Tuesday, December 11, 2018

A broken Christmas

It was one week before Christmas, 1994. Multi-colored strands of lights blinked in the windows. My mother's tree, with its white lights and crystal snowflakes, graced the living room, while the tree in the family room that belonged to us kids...well, let's just say what it lacked in beauty it made up for in enthusiasm.

My siblings and I were eagerly awaiting the big day. The excitement was mounting. Just like every Christmas before.

But this would not be like any Christmas before.

Our farm did not see much traffic in those days, situated as it was on the outskirts of a tiny, one-horse town. It was a quiet night as we ate dinner. Then, a blast of frantic honking cut through the peace. Beep, beep, beeeep. Strangers driving by had been able to see from the road what we could not from our dining room. The house next door was enveloped in flames. The house I had visited a thousand times. The house where she lived.

I stared wide-eyed across the yard at the unholy firelight and knew in my heart she was in there. Her mental health had been holding her prisoner in that house for years.

For a moment, we all froze in horror. Then, mayhem ensued. 9-1-1 was called. Boots were hastily pulled on. My father dragged a hose from the garage in a vain attempt to contain the blaze while the rest of us stood in the yard in the freezing cold darkness waiting for a fire truck we knew would be too late.

I won't bore you with the details. All you need to know is that at some point, after what felt like hours, an exhausted and filthy team of firemen wheeled a sheet-covered figure from the house on a gurney, staked CAUTION tape around the property, and slowly drove away.

We woke up the next day to a different world, the blackened shell of a house next door like a terrible mouth gaping open. "Merry Christmas," it mocked. "Joy to the world."

But I didn't care about Christmas anymore. Grandma was gone.

The next couple of days dragged by in a sluggish whirl of well-wishers, ham and potato casseroles, and stoic relatives, capped off by standing at Grandma's open grave in the pouring rain watching my father's broad shoulders shake. I had never seen him cry before. Never felt like this before. Never faced death before.

Christmas Eve arrived. The dull gray of the sky matched my mood. Dysfunctional as it was, I had had a special relationship with my grandma. I had felt...protective of her. With her, I was the grown-up and she was the child, unhappy and unsure. Unwell. I had thought she would get better if I loved her enough. I had hoped she would be happy again some day. But I could never seem to get through.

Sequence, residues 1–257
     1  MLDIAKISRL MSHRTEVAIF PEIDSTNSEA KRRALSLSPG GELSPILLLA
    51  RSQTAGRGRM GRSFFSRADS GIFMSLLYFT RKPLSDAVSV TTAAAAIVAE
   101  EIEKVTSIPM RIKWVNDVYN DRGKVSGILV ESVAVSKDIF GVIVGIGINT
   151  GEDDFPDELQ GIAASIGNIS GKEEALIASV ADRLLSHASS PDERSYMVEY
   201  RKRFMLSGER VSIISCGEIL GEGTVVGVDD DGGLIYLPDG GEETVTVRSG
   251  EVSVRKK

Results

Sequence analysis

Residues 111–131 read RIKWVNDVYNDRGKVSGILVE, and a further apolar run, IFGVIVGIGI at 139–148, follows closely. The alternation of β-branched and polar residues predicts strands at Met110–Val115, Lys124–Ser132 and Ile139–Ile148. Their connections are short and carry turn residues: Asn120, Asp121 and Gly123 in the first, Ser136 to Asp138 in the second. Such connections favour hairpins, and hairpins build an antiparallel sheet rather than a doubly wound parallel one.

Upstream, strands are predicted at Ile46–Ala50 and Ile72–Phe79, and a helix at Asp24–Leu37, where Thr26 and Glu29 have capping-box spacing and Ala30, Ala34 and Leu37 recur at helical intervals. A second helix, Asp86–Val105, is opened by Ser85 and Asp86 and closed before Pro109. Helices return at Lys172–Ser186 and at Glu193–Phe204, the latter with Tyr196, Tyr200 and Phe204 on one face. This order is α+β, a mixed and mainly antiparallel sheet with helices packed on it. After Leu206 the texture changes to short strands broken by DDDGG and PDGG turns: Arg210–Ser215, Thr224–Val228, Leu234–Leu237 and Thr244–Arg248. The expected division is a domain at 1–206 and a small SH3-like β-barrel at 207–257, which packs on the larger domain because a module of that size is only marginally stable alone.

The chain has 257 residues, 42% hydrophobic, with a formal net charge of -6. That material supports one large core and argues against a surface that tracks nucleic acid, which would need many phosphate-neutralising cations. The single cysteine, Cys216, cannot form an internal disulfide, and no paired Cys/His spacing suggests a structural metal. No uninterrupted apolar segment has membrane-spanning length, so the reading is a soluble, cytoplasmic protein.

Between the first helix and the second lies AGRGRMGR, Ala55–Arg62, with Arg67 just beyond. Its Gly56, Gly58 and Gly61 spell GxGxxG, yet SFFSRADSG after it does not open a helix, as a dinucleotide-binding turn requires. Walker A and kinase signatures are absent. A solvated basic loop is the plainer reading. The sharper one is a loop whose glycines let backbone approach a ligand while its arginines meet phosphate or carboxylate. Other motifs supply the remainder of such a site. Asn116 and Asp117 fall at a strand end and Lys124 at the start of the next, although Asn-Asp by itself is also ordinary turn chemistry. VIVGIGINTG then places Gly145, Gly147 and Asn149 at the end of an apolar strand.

The house, her house, called to me. It drew me like a magnet, pulling me in to its soot-covered destruction. I ducked under the caution tape and slipped through the front door. It was quiet. The sharp smell of burned everything stung my nose. I didn't cry.

I saw her chair. Where she had spent most of her days and nights. Where she had watched soap operas on TV and pretended not to hear me when I'd sneak in to check on her. I stared at it. Was that where they'd found her? Why had she never turned around when she heard my footsteps? Never called my name? I had thought I could make her smile. But maybe she didn't want me there at all.

I was eleven. I knew nothing about how utterly a heart can be broken.

I wandered into another room in a daze. The carpet squished beneath my feet, saturated by thousands of gallons of water that had done nothing but keep the house from collapsing entirely. I stopped. There on the old, blue couch was a small pile of gifts. Wrapped and labeled.

My feet left dark prints as I crossed the room. The gifts seemed unharmed, a tiny piece of life and promise in the midst of despair. I saw my name.

To Katie
Love Grandma

I recognized her shaky handwriting. I sucked in a breath. She had remembered me. I picked up the small square box and the sodden red paper disintegrated under my fingers. I opened the gift.

A dainty gold bracelet, cheaply made but beautiful to me. I put it on and twisted my arm back and forth, back and forth. As the charms on the bracelet swung against my wrist, I thought of her in her chair. When had she gotten these gifts? How? I had thought she had fallen so deep into her addiction and hopelessness that nothing else mattered. But the cold piece of metal on my wrist told me otherwise.